Sharing your story with a broader audience

Here are two ways you can stay involved with Medical Teams International. First is by speaking at our Tuesday morning Chapel service. These presentations are short, about 30 minutes and volunteers usually share slides and significant experiences from their trip.

The second opportunity is to participate in our Speakers Bureau. You would be included in our list of volunteers and staff willing to speak to various groups at various venues (e.g. churches, schools and civic organizations). If you are interested in either of these options please inform your team coordinator or email us.

Sharing your volunteer experience can be a beneficial for you and others. Think of ways you can do this and potential audiences who might benefit from it. Medical Teams International can help you share your story by providing:
  • Information for people who want to volunteer 
  • General informational brochures 
  • PowerPoint presentations 
  • Giving envelopes 
  • Newsletters 
  • Displays 
  • Videos 
  • Other items as needed 
Medical Teams International encourages volunteers to share their stories with newspapers, magazines and any other publications. However, we do ask all volunteers to submit their stories to us for review before publication. Please send all stories to

Please email us to request promotional materials.

Staying Involved

In addition to sharing your story with friends and family, at work, church or through the media, what are some other ways you can make the most of your volunteer experience?

Think of three concrete actions you can commit to that will keep you involved with Medical Teams International or with responding to people in need around the world. Write them down and share them with someone who will help you keep those commitments. 

Media guidelines for volunteers

Reporters often call our Oregon or Washington offices and ask to interview a volunteer. If you’re contacted by the Communications department to respond to a media interview, we’ll offer you some facts and key messages (see Key Messages below) to prepare for the reporter’s questions.

While we do our best to manage these requests in cooperation with our volunteers, sometimes reporters will find you first, without our knowledge. If you get a call from a reporter (rather than a request through Medical Teams International), please ask if they’ve been in contact with the Communications department. If the reporter has not spoken with us, please have him or her contact us at

In preparation for an interview, here are suggested guidelines to help you when you’re approached by the media about your work with Medical Teams International:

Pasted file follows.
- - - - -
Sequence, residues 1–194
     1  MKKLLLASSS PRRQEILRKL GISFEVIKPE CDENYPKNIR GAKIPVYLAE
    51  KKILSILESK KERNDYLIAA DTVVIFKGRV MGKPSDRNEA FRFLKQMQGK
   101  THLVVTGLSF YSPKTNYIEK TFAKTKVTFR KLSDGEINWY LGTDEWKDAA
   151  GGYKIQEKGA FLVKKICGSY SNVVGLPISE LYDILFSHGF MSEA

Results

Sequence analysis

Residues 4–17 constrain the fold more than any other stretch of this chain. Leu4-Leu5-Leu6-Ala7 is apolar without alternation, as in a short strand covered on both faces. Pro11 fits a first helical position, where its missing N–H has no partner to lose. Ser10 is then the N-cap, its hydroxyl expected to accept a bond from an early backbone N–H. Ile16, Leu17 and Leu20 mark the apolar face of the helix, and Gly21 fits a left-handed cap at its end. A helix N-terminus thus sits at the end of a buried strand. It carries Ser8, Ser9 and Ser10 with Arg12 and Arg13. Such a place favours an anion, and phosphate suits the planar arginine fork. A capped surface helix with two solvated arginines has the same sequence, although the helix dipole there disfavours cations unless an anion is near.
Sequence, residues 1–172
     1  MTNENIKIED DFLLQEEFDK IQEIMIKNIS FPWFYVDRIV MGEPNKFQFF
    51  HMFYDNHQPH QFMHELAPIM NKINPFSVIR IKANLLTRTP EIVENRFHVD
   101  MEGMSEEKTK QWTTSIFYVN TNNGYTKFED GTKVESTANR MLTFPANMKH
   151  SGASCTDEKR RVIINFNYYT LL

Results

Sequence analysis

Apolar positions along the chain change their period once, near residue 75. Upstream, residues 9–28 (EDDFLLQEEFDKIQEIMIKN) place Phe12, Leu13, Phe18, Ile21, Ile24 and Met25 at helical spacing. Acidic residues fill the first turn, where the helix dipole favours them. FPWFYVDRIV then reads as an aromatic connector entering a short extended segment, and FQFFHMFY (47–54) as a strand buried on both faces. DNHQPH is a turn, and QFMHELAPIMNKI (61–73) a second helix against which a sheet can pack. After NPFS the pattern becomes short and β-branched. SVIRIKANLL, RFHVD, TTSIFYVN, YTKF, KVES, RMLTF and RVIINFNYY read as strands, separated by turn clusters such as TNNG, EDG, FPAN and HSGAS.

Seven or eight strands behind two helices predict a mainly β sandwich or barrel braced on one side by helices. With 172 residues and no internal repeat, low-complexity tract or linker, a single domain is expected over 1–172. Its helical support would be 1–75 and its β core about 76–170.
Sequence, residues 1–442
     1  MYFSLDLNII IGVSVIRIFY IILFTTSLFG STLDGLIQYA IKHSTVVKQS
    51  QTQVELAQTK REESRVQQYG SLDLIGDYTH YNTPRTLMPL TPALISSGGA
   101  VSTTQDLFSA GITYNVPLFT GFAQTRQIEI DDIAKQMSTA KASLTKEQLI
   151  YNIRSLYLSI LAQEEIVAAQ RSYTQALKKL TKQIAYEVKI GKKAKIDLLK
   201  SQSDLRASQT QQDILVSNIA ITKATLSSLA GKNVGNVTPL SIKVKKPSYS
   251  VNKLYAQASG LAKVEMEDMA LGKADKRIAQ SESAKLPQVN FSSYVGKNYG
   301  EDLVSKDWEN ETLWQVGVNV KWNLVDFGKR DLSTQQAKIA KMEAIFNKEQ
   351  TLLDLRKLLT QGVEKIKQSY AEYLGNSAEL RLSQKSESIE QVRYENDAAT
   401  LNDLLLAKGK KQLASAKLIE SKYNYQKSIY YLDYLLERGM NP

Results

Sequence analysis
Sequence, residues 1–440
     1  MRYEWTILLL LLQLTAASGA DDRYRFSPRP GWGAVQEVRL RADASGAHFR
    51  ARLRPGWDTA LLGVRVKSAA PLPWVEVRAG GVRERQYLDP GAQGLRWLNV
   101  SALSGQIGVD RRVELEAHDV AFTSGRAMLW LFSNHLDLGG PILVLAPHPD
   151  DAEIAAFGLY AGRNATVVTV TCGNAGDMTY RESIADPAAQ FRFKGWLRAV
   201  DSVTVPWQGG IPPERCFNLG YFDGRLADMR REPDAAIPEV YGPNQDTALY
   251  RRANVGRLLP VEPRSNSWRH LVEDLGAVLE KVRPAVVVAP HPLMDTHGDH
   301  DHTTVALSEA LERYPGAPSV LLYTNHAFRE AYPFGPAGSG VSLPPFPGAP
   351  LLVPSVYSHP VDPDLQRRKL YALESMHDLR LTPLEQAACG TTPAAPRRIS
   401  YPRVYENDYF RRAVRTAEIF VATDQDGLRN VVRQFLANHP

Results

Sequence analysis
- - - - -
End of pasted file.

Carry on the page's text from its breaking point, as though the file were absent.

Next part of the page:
• Please don’t think you ever “have” to talk to the media. We only want you to do an interview if you feel comfortable doing so.  
  • Please wear Medical Teams International logo apparel when conducting any on-camera interviews.
  • Please steer away from making any political statements in regards to your volunteer work with Medical Teams International. Many of our volunteers answer politically-charged questions with the following response, “I’m going to Country X because there are families just like mine there who are desperate for the kind of help I can give—my purpose is to help save lives in Country X.” This response helps re-focus the interview on Medical Teams International and our work in the country rather than on political issues.  
  • Be prepared to tell your story. You will probably be asked questions such as: 
  1. Why are you volunteering for this trip? 
  2. What do you expect to do there? 
  3. What kind of conditions will you be working in?  
  4. Are you afraid to go? Do you fear for your safety? 
  5. How have you prepared for this trip?  
  6. How many times have you volunteered with Medical Teams International?  
  7. Tell me about your other trips with this organization. 
  8. What’s your background? 
  • If possible, avoid the phrase, “No comment.” Don’t be afraid to say “I don’t know” to a question. (For example, if you’re responding to an earthquake disaster, reporters may ask you how many people are hurt, how much money Medical Teams International is committing to the disaster, etc. If the reporter is insistent on getting a response to the question, you can suggest that he/she talks with our Communications staff as soon as the interview is over.) 
  • If you have any questions about these suggestions or about how to speak with the media, we are more than happy to speak with you about them. Please contact us